Policy Adjustment as a Mediator between Older Workers Retention and Ageing Workforce. A Context for Action in Asia

  • Solomon Ozemoyah Ugheoke Department of Business & Accounting, Muscat College, Sultanate of Oman
  • Ruksana Banu Department of Business & Accounting, Muscat College, Sultanate of Oman
  • Munir Shehu Mashi Department of Business Management, Federal University Dutsin-ma, Katsina State, Nigeria
  • Muhammad Latif Khan Department of Business & Accounting, Muscat College, Sultanate of Oman

Abstract

Over the past decade, HR managers have been much concerned about the demographic changes and advised to take positive approaches to the management of organizations. These changes significantly cause population aging globally, resulting in economic and social challenges. This study aims to examine older workers’ retention, policy adjustment, and the aging workforce in Thailand. Purposive sampling was used to select a total of 520 respondents higher education institutions. We found that despite the call to retaining older workers, the majority of employers exhibit stereotypic attitudes, and finding it difficult to retain and attract older workers. Even though there have been initiatives toward discrimination legislation concerning older workers, however, policymakers should be proactive. Government should need to develop policies that would permit increased levels of older workers’ retention and create better competencies in achieving planned economic goals. Organizations need to adopt strategic approaches to age management and labor unions must show great commitment to the campaign against age discrimination.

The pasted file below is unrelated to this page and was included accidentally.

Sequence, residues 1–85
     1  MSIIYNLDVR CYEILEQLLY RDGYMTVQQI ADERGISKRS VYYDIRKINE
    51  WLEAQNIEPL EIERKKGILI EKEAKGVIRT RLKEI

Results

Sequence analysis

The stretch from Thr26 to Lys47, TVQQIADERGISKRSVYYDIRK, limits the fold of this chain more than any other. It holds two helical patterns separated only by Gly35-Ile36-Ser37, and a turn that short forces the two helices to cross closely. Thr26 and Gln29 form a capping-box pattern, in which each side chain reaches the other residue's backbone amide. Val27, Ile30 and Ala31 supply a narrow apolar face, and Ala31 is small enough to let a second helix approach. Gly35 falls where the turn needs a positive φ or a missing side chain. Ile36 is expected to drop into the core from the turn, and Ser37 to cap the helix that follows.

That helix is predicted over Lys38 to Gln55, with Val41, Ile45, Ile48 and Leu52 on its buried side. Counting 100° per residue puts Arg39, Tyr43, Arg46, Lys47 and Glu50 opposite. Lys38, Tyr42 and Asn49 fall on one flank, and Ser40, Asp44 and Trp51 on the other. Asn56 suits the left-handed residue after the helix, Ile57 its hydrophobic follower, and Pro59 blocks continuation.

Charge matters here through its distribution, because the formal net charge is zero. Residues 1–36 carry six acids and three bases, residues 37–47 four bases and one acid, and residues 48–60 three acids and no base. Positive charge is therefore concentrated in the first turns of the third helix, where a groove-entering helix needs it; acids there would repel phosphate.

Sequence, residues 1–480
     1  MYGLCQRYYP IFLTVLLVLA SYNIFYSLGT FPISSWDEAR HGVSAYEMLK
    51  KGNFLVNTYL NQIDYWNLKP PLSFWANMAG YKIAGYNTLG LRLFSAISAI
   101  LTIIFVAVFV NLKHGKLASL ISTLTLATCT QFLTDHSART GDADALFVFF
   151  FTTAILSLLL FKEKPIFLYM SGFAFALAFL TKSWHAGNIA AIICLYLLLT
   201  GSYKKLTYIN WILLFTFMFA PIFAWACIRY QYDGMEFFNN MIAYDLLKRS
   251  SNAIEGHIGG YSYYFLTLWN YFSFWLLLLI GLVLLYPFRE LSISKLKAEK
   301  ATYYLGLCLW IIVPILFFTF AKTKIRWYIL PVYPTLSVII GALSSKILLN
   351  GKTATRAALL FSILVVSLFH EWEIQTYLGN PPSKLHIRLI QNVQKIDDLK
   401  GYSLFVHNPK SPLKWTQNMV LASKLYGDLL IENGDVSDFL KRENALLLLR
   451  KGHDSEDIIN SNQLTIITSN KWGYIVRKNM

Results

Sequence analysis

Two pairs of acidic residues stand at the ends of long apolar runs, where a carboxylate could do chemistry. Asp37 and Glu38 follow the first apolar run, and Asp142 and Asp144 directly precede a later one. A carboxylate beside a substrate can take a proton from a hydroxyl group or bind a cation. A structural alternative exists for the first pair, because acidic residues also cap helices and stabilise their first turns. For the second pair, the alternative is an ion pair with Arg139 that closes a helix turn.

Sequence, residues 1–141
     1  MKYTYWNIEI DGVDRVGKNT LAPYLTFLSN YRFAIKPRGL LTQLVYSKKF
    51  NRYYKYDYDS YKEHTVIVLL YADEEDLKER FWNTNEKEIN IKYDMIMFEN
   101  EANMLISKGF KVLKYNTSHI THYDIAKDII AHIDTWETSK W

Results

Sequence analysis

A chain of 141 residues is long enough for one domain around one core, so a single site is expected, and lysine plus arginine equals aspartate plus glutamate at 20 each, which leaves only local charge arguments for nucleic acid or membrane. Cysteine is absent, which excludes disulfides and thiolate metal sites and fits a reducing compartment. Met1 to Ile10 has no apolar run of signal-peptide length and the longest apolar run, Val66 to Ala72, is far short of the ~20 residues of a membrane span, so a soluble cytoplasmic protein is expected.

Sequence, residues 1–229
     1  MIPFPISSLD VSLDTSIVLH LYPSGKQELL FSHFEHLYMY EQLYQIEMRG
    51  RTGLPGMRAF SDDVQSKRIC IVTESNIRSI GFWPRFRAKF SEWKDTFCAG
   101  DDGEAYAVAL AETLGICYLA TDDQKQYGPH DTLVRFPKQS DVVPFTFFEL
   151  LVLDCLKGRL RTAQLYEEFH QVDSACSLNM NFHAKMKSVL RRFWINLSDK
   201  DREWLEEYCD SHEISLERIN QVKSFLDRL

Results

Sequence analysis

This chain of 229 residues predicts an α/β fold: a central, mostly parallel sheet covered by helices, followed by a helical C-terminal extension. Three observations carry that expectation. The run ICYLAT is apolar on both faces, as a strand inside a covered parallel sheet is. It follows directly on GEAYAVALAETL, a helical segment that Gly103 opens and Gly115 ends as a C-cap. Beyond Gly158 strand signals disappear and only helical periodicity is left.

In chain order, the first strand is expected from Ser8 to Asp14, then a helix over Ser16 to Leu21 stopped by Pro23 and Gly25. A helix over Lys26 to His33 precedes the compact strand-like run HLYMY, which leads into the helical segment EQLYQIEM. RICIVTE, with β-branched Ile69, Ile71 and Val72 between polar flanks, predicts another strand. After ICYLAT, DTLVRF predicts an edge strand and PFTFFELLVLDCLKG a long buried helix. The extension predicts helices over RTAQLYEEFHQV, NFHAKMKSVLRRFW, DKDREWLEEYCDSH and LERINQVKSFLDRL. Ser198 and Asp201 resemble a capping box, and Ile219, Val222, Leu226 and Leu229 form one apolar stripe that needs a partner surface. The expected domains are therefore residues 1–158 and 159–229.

Published
2021-06-30
How to Cite
UGHEOKE, Solomon Ozemoyah et al. Policy Adjustment as a Mediator between Older Workers Retention and Ageing Workforce. A Context for Action in Asia. Global Business Management Review, [S.l.], v. 13, n. 1, p. 57-78, june 2021. ISSN 2600-8416. Available at: <http://e-journal.uum.edu.my/index.php/gbmr/article/view/gbmr2021.13.1.4>. Date accessed: 07 dec. 2021. doi: https://doi.org/10.32890/gbmr2021.13.1.4.
Section
Articles